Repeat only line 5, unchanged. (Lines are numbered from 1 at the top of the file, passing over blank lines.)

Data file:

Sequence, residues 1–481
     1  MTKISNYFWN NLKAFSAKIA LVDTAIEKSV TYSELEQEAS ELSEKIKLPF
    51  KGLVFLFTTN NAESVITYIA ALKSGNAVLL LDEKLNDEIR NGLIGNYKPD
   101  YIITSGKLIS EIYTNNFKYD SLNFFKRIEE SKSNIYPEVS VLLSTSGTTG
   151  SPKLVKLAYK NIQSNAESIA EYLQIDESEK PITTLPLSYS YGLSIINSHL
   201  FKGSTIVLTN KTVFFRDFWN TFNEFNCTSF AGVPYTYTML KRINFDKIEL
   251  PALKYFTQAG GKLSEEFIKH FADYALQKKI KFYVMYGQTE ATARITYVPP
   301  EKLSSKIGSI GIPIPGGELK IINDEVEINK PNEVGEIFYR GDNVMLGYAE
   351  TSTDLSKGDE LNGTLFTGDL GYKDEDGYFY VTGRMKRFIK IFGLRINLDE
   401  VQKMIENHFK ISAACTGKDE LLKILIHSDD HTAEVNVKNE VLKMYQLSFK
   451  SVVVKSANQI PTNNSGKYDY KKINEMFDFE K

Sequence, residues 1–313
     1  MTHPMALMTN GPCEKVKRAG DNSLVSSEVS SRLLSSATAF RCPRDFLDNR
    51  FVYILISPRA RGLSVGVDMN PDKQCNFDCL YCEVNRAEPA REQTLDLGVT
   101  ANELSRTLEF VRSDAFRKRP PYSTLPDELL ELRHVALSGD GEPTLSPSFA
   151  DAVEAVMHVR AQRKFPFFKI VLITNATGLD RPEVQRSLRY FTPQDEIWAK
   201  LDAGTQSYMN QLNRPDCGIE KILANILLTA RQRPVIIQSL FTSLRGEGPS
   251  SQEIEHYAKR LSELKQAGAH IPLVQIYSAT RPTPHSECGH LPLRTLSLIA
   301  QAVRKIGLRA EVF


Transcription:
   151  SPKLVKLAYK NIQSNAESIA EYLQIDESEK PITTLPLSYS YGLSIINSHL